Several years ago, I came across a video that had gone viral. It was about Chinese culture and how the use of the phrase “I love you” was rarely used.
My husband, who is Chinese, engaged in debate with me over the topic. I am of Vietnamese ethnicity but grew up in Australia my whole life. I’ve always been someone who openly expresses how I feel – it’s always been the person that I am.
My husband told me that in Chinese culture, love more often is expressed through actions as opposed to words. He explained to me that it is very uncommon to directly tell someone “I love you”, you showed them.
Although I could understand what he was arguing, I was very stubborn at the time, believing that somehow the way I’d been living, the only way I’d ever known, was the “right” away.
I realise now, how wrong I was.
You see, last year, I met most of my husband’s family for the first time. We travelled all the way to Hong Kong and were greeted by my husband’s Uncle, a lovely man I’d only ever met once prior. He’d travelled all the way to Australia, 10 years ago, to see his nephew marry me.
This time around, this Uncle had taken time off work to collect us from the airport at 7.30 in the morning. He came with his car, filling it up with our bags and bags of luggage, flagging me down to warn me to be careful as I crossed the busy Hong Kong road.
As his Uncle drove us to his apartment, there were many minutes of awkward silence. He didn’t know English, I didn’t know any Cantonese. We replied to each other in our own native languages.
For the next few days, we stayed with this Uncle and his wife, hubby’s Auntie. They gave us their main bedroom, set up the mattresses so we were comfortable, took us out several times a day to enjoy the food and culture of Hong Kong life.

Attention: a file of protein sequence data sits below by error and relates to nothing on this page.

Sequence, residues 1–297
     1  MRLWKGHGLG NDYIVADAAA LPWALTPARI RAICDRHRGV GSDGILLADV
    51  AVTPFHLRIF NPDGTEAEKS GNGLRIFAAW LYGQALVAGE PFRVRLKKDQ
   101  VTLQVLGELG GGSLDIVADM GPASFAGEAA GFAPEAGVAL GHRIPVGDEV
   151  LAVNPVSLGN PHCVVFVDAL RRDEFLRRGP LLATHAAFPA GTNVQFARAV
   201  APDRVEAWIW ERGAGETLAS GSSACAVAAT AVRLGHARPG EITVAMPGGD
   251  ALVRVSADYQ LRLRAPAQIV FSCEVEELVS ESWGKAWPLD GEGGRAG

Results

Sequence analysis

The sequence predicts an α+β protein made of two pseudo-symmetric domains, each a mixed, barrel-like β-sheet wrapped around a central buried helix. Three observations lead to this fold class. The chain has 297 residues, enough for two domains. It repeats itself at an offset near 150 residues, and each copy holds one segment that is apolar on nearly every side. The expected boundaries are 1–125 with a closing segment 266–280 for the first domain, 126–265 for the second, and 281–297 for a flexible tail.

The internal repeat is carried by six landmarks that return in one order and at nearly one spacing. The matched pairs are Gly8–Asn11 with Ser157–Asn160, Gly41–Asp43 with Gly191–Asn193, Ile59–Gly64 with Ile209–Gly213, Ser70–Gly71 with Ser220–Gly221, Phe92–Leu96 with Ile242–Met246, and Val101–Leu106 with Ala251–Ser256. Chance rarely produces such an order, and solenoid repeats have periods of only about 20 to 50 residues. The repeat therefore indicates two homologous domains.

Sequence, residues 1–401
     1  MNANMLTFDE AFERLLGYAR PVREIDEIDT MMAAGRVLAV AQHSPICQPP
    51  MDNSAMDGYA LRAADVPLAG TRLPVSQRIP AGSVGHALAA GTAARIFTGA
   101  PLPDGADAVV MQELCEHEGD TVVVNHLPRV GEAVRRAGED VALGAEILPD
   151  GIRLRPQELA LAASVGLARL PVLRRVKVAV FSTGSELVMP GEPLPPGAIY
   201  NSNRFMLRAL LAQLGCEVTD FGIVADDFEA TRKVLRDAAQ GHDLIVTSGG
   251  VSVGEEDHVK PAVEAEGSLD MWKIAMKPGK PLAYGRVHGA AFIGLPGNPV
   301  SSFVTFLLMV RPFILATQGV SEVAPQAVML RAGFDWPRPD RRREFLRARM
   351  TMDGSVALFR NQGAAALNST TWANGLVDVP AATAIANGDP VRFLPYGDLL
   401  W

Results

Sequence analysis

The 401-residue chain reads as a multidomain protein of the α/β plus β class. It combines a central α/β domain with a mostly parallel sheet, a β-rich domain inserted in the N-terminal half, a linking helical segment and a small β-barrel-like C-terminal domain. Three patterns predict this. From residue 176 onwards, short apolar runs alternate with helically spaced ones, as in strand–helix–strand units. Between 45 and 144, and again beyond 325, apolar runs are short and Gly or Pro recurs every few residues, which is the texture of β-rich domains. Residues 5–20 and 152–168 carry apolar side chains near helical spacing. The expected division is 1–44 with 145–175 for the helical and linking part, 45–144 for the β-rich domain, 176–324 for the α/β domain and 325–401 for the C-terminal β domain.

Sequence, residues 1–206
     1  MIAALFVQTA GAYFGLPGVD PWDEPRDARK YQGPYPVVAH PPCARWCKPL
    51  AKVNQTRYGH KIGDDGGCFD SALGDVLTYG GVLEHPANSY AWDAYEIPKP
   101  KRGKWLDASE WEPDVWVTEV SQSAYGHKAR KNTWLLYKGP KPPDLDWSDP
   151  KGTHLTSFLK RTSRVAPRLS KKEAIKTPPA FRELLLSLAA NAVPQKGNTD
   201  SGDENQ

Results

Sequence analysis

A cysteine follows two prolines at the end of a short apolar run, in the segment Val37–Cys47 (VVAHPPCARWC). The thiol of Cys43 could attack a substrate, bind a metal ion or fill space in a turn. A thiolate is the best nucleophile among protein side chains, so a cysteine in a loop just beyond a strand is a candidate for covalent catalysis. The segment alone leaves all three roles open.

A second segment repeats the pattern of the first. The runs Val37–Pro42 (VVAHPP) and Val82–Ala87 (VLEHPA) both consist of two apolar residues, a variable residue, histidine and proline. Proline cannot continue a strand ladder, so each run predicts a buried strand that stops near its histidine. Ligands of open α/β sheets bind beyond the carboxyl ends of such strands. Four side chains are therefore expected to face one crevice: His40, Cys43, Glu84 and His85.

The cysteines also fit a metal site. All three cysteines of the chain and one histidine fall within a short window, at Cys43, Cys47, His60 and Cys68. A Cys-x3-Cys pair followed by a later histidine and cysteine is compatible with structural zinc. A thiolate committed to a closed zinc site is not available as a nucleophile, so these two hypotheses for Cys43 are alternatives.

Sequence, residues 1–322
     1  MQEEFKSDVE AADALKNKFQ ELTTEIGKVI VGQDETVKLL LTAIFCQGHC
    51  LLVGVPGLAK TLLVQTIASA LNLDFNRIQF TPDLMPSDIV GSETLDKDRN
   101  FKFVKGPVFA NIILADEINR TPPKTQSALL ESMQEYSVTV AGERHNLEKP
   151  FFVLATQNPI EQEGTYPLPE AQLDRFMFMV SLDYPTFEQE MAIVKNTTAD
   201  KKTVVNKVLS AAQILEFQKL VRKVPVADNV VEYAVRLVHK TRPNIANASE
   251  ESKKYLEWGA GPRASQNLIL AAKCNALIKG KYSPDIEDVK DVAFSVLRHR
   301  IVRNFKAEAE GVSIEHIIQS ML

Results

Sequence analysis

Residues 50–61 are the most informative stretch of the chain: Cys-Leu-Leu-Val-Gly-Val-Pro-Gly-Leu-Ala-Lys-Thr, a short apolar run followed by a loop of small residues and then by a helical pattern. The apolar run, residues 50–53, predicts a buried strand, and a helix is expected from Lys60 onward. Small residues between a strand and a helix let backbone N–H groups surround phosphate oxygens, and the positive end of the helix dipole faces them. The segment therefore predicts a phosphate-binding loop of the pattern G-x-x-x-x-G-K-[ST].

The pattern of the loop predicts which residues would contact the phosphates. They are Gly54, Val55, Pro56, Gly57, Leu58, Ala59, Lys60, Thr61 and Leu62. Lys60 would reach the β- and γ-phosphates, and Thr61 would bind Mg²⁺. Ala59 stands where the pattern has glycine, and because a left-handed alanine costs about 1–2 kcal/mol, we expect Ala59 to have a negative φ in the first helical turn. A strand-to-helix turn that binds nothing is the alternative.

I will never forget how loving, how attentive, how caring they were to me, to my husband, and to our kids.
They never spoke words of love but it was clear through their actions, that we were and are indeed loved.
I now have a beautiful black top and sparkly purple dress sitting in my wardrobe because this Auntie bought those for me… simply because she thought I’d like them.
I now have souvenirs from the bus trip we took to Hong Kong Victoria Peak with another Uncle, who took several days off work to take us on the best sightseeing places.
I have an Iron Man pen from Disneyland because another Uncle spent the afternoon with us after a busy day of work.
I have photos of the times we spent with other Uncles, other Aunties, other cousins, other family friends – who booked in a badminton court just for us, who booked in karaoke, who walked us to our hostel because they wanted to know we’d gotten home safe.
Even when we left to return to Perth, one of hubby’s Aunties came to see us off and she said,
“I never see anyone off at the airport but I wanted to with you all!”
Being with my husband has really opened my eyes to what real love is.
Love isn’t necessarily about buying expensive gifts, despite what I was taught.
It’s not about how often you tell someone that you love them.
It’s about making time for people, no matter how busy you are.
It’s about really listening to them.
My hubby’s Auntie booked in a karaoke room because my mother-in-law told her that I love to sing. The mother-in-law who considers me her daughter and says how proud she is that I am the mother of her grandchildren.
Every family member in Hong Kong took time for us in that busy, jam packed 2.5 week schedule because we are important, we are valued, we are loved.
They took the time to encourage me on my 8 month job hunt, to reassure me that I would find a job that I loved. And I have, thanks to their belief in me.
There is such an important lesson in all of this.
And it is that words are still important. They have their own value.
But more importantly, words need to be followed through with action.
Because when you make time for loved ones, when you are really present, words don’t really need to be said at all.
Love can be felt strongly and deeply by both parties in the unforgettable moments that you share together.